Six people are about to receive pig islet transplantations for the first time, as aNew Zealand company called Living Cell Technologies (LCT) begins a year-long PhaseI/IIA clinical trial in Moscow, Russia.
The islet cells are encapsulated in alginate, a gelatinous seaweed extract that allowsthe islets to release insulin in response to blood glucose, but prevents thebody’s antibodies from reaching the islets. As a result, toxicimmuno-suppressants theoretically aren’t necessary.
About 25 milliliters of the tiny capsules will be implanted around the liver andspleen of each patient during two operations, spaced six months apart. LCT will beusing islet cells from newborn piglets of a special bio-certified pig herd that wasisolated on Auckland Island for 200 years. The pigs are free of viruses, bacteria, andparasites.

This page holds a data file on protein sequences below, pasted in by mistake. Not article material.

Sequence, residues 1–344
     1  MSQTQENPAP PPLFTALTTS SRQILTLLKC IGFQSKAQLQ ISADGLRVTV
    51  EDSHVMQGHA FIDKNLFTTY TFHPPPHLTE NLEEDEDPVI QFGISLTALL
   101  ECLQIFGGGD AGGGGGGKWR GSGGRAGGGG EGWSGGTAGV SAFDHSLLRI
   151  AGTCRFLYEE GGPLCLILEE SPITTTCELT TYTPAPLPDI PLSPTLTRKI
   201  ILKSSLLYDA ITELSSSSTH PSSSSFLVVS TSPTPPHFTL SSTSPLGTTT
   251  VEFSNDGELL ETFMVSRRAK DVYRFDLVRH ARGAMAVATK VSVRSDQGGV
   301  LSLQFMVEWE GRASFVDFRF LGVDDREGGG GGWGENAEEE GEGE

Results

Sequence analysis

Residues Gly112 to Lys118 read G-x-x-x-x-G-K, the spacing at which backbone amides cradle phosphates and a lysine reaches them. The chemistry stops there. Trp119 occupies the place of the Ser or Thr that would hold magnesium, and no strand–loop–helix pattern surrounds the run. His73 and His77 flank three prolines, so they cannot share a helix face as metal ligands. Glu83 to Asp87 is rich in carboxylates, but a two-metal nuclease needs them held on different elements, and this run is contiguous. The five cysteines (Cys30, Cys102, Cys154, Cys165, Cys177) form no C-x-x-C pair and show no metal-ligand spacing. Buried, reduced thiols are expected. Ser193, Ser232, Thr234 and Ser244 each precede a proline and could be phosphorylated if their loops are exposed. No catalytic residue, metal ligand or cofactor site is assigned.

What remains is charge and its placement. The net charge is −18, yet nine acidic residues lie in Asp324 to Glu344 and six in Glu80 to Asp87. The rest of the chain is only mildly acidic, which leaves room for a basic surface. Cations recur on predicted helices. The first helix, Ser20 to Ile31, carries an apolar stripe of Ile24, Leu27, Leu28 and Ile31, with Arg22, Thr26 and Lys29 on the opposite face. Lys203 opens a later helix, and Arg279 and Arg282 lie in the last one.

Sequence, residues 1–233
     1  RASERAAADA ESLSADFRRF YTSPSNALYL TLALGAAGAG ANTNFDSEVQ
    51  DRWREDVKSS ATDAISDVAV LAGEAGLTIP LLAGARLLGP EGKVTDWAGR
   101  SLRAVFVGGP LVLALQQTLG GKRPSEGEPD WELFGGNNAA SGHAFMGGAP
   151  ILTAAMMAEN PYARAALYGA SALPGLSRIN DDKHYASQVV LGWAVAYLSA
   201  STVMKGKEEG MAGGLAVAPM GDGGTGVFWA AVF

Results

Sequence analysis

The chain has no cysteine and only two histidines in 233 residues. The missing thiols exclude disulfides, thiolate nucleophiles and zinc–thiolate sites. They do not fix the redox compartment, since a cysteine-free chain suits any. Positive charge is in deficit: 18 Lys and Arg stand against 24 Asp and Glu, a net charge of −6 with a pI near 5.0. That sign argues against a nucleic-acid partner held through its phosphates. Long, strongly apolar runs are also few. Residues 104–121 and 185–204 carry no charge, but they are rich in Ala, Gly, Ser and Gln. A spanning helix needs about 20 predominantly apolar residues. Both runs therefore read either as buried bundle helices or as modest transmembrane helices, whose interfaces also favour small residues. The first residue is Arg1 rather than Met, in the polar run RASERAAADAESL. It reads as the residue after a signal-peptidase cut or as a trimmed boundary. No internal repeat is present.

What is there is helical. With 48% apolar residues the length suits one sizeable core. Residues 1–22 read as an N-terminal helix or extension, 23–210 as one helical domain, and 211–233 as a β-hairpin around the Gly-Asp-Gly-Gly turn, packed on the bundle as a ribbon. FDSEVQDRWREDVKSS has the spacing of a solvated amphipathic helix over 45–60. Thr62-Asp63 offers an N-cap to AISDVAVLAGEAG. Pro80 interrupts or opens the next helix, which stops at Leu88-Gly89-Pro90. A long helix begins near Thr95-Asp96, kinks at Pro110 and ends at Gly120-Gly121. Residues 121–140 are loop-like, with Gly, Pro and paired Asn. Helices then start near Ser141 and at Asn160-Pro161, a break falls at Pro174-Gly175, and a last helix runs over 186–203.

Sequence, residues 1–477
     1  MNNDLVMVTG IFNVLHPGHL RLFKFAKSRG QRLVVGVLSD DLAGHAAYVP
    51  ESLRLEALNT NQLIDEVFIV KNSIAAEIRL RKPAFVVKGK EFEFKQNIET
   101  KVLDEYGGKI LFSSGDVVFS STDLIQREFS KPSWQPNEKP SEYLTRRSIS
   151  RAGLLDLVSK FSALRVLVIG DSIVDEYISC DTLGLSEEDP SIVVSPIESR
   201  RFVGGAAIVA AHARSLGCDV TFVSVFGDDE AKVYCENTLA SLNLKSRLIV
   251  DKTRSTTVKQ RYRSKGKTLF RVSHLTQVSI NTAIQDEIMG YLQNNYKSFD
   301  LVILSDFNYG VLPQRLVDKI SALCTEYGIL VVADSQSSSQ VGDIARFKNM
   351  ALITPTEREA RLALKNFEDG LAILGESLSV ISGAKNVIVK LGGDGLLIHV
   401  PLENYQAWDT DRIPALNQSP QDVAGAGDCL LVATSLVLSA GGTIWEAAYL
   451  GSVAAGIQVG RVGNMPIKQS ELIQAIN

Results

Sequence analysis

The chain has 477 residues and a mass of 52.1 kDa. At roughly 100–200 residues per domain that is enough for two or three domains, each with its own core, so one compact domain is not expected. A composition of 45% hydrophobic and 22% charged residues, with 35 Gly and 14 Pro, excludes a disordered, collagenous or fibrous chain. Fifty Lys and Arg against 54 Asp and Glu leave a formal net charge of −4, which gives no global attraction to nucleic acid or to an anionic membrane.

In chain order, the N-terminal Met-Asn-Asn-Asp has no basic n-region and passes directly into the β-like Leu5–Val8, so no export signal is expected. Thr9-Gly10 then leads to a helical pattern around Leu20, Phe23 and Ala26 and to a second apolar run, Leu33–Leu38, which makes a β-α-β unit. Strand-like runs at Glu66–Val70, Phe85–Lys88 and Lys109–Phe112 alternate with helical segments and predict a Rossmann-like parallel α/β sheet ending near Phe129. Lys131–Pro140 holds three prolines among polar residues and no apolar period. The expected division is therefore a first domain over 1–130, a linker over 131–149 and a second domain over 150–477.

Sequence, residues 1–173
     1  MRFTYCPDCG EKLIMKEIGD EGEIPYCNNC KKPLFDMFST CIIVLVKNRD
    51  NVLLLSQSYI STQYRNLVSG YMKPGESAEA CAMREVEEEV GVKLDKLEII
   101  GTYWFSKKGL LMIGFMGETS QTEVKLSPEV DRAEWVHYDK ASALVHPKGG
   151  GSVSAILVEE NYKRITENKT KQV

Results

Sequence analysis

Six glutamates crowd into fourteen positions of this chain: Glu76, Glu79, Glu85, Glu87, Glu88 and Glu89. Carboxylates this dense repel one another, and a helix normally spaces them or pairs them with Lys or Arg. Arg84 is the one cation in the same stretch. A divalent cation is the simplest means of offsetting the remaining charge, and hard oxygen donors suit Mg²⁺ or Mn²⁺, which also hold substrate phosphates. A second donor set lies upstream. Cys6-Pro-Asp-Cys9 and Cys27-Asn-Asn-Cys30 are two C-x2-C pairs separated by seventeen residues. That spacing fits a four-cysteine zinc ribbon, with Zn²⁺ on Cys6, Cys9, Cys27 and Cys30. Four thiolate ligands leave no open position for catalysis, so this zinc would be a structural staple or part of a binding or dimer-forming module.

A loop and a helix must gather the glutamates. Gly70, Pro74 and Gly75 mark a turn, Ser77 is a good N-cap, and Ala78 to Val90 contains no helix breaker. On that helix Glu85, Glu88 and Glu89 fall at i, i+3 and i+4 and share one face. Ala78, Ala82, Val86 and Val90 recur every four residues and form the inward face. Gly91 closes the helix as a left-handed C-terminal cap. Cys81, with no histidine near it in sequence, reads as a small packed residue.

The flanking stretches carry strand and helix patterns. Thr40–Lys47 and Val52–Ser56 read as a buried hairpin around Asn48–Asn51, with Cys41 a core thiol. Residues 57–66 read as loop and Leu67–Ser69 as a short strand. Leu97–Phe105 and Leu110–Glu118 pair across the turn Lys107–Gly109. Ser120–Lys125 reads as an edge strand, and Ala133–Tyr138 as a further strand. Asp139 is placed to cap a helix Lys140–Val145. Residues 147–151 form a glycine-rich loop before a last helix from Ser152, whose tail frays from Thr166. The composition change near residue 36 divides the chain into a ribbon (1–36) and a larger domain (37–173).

The clinical trial will occur at the ANO Institute of Biomedical Research in Moscowand will be carried out according to US Food and Drug Administration (FDA) standards.LCT hopes to run similar trials in New Zealand later this year, followed by Phase IItrials in the US if permission is forthcoming. That may not be the case, though,because the FDA is tough to satisfy when it comes to pig purity.
LCT has completed trials with diabetic mice and primates to establish the safety andeffectiveness of its islet capsules. The results showed that the islet capsules werewell-tolerated and led to a reduction in average insulin requirements for primateswith diabetes. LCT projects that its process will eventually cost $25,000, as opposedto the $300,000 that islet transplantation now runs.